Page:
• Isn’t this a model for the rich to get richer and the poor to get poorer? Putting a budget cap on the smaller teams doesn’t seem to make much sense to me, because if they find money from somewhere (big sponsor or similar) they are effectively barred from using it and growing as a team.

      Instead, I would like to see a kind of ‘tax’ system in place for the higher achievers so that the wealth is better distributed amongst the teams. Yes, win your prize money, but the more profits you earn as a business, the more you are taxed – effectively a redistribution of wealth similar to ‘the real world’. Of course, how his would fit with FOM is anyone’s guess, and also whether or not it would be legal is another.

      Of course the real problem is that we are not starting from a blank sheet of papers. As Wolff mentioned yesterday, he has 500 families to support that already have jobs. The teams are also based in different countries, which makes the paperwork a nightmare.

      There isn’t an easy solution to this, but it does seem to me that a kind of tax for high earners to help support the minnows would be one way to go.

  9. AndrewTanner (@andrewtanner) said on 19th September 2012, 13:39

    I am open to the idea of a budget cap or RRA but, and this might sound cruel, I am not open to the idea of making F1 a charity. It doesn’t take a degree in economics to understand that F1 is inherently expensive and highly political. The decision to join the sport should not be taken lightly and the level of economic competitiveness should be respected. I don’t want to see the little guy priced out of competing, but I don’t want to turn them into a charity case either. F1 should be a struggle both on and off the track, that’s why we tune in.

    What strikes me is that you never hear about the smaller teams complaining about the economics of it. It’s always the bigger-to-medium players. Caterham just moved home, Marussia have announced they will have KERS from 2013 and HRT built their own custom facility in a different country from where their operations were originally based. You don’t hear them complaining much.

  10. Timothy Katz (@timothykatz) said on 19th September 2012, 13:53

    If you want to be a front runner then have a £300m cap
    For a Midfield – £150m
    For a ‘Backmarker’ (for want of a better description) – £75m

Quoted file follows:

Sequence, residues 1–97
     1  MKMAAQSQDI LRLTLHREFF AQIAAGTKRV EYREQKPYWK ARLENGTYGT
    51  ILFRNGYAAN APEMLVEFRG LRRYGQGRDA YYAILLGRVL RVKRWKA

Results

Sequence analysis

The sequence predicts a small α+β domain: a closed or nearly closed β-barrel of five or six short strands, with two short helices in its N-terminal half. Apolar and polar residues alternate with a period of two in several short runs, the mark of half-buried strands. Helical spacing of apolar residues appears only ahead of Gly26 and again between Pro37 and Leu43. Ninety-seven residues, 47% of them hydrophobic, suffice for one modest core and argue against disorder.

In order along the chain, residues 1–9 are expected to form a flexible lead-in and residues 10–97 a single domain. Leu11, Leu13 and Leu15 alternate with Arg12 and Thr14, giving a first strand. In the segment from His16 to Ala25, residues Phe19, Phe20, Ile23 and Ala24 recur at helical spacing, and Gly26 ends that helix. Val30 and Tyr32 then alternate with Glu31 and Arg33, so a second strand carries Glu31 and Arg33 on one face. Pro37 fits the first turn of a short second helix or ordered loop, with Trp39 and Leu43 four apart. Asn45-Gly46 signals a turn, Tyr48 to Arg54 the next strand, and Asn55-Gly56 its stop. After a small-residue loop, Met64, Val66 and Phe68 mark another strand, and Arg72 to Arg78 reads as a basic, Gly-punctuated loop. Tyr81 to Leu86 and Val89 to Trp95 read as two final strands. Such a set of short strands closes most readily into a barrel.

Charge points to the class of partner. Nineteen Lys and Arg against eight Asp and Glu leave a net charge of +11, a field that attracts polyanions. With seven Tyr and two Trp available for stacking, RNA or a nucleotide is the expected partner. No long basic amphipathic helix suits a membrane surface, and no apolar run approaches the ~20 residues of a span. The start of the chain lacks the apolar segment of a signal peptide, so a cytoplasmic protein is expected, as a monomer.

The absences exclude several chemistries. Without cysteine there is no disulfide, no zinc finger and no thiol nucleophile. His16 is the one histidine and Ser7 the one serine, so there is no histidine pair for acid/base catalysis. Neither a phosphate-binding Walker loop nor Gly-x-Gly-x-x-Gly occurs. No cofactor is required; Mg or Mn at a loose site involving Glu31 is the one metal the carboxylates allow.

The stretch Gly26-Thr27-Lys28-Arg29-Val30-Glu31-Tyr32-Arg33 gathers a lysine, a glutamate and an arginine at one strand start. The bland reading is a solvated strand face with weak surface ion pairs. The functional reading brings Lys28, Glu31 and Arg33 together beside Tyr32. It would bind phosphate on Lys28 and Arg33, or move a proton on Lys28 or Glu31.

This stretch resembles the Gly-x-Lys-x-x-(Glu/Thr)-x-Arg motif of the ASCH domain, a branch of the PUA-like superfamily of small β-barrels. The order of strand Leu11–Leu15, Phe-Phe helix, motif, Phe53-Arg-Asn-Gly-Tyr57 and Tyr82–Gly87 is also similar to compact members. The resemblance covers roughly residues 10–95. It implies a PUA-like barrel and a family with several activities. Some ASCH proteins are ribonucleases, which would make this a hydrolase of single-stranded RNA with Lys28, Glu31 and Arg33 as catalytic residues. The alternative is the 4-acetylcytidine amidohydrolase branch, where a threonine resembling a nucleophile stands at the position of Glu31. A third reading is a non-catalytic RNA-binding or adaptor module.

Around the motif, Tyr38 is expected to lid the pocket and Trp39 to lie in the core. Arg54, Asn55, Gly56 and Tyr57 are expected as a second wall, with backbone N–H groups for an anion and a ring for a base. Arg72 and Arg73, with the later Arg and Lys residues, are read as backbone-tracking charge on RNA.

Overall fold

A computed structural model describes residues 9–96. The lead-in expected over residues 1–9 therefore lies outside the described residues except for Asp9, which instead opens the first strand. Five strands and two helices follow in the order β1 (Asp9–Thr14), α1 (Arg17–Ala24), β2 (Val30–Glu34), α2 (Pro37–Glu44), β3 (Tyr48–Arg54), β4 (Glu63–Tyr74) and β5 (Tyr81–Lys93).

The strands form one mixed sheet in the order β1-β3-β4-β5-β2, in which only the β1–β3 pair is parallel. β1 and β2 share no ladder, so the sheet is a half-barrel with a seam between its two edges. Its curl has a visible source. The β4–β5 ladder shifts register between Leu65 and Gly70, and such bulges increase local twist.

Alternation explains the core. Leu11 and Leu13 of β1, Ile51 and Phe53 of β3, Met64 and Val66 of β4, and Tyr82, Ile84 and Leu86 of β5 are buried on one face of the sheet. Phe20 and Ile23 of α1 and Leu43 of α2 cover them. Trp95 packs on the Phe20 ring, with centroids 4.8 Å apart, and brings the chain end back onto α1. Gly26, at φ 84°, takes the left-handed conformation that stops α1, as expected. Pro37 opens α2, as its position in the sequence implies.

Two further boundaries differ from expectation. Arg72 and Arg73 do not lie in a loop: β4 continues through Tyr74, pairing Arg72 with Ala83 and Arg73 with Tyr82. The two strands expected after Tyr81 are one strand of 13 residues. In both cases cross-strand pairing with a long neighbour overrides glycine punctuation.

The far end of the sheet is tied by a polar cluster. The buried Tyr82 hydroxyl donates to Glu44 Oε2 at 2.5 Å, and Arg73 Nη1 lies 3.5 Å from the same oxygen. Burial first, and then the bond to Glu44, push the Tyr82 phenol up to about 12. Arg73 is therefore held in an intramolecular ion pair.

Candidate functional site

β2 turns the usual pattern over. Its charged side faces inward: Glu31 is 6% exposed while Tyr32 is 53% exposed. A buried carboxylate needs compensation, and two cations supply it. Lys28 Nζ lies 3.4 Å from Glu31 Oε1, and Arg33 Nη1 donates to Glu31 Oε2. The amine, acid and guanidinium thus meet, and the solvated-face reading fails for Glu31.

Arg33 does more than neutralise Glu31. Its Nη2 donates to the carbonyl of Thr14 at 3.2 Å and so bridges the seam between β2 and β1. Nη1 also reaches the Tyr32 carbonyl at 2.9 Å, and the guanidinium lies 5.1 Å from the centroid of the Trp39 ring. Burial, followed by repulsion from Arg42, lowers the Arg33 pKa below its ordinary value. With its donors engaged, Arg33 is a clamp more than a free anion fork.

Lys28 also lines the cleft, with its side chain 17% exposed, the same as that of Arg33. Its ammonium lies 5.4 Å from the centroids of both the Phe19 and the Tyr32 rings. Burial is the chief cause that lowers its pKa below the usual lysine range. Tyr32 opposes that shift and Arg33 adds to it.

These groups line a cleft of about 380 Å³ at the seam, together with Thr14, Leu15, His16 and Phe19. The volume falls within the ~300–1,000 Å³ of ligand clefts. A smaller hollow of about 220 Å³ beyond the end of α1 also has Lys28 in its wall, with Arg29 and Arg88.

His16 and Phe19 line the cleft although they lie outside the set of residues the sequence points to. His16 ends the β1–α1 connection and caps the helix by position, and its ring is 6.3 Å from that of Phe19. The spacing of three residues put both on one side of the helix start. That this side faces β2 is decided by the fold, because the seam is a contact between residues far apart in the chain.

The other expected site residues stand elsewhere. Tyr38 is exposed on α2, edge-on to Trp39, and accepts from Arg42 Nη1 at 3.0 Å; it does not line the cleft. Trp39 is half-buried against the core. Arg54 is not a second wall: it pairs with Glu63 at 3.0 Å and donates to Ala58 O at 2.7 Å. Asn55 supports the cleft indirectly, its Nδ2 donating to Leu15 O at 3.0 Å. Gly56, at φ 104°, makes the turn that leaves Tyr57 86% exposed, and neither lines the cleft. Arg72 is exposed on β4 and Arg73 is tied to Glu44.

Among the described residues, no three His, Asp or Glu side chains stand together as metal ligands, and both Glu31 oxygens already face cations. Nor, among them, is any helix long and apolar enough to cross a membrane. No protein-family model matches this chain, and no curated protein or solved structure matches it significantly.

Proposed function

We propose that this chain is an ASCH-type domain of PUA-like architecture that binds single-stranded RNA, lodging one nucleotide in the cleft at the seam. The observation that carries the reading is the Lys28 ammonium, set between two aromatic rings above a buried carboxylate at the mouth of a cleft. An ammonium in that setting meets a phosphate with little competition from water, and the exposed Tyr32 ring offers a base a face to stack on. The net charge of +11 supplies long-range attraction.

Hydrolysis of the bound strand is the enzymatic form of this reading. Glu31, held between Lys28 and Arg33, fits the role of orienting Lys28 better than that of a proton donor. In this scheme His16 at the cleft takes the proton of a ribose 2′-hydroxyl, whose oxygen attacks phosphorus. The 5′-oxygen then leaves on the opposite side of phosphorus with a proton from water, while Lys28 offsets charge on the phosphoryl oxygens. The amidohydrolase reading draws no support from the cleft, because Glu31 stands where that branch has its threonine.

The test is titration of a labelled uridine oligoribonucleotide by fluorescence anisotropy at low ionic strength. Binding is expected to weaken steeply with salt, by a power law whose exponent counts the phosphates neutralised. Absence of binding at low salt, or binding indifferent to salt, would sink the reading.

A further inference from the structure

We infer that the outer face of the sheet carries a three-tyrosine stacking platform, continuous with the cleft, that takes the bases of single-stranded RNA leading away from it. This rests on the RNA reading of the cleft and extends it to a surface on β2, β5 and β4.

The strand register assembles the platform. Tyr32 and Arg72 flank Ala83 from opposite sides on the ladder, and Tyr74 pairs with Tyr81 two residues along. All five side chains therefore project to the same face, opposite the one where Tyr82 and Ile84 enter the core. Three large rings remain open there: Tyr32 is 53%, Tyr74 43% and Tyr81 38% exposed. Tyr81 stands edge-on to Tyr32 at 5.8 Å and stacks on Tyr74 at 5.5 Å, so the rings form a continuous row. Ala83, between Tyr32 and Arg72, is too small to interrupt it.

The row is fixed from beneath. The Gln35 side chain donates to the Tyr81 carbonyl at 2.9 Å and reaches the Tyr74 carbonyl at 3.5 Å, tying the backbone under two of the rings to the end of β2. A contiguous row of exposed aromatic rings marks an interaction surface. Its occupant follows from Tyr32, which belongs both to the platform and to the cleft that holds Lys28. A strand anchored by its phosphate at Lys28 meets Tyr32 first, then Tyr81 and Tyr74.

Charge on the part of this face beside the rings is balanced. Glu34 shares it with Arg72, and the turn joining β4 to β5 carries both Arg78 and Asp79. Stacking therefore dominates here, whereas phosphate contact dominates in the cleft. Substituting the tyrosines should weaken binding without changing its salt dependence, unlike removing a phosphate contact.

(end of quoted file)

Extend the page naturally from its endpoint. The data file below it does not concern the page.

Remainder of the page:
I’m not being negative, but I can’t see how this would work. It seems as though the grid of twelve teams would be split into three ‘divisions’ or classes, and that’s not very understandable for the general public. And what if a Front-runner team did really badly, such that they were ‘relegated’ to Midfield, they would have less to spend whereas in reality they might need to spend *more* to tegain their Frontrunner position. It would just perpetuate the top teams at the top and the bottom teams at the bottom.
    To be honest, it would be more logical to do it the other way round with successful teams from last year, being able to spend less this year . . . apart from the fact that most of this year’s development costs were spent last year. and we might see teams deliberately doing badly in order to move down a division and thus be able to spend more.
    And I can’t see overseas teams like Ferrari submitting their accounts to the Inland Revenue. Even UK companies have 9 months (I think) to lodge end of year accounts with Companies House, so this spending cap would have to be based on results two or three seasons ago. Sorry. Just can’t see this working.

  11. McGregski (@mcgregski) said on 19th September 2012, 15:34

    Reading the replies and other peoples comments I think I agree, I didn’t think about the “tiering” idea very well and @andrewtanner makes a very fair point in that the back markers aren’t the guys that are complaining so why not just take an average of what the top 4 spend each year and set that as the cap for everyone for the next year?

    This would stop one team running off and throwing everything they can at a season but would keep it fair for everyone else?

    If FOM/FIA are concerned about helping the smaller teams – why not do some/all of these:
    1. Spread the prize money to all places not just the top ten
    2. Have a ‘bonus’ for spending less than x million pounds
    3. Restrict teams to x number of certain new parts over the season (50 front wings, 10 rear wings, 5 sidepod variants and so on)
    4. Tier the team entry fees based on performance – top teams pay more to enter than the small fry (I think they have already announced something around this?)

    Around cost cutting they could also stage the season more sensibly…
    Group races in the part of the world they are in… Canada, Brazil, Austin and potentially New Jersey should be together, All the middle east races together and all of Europe together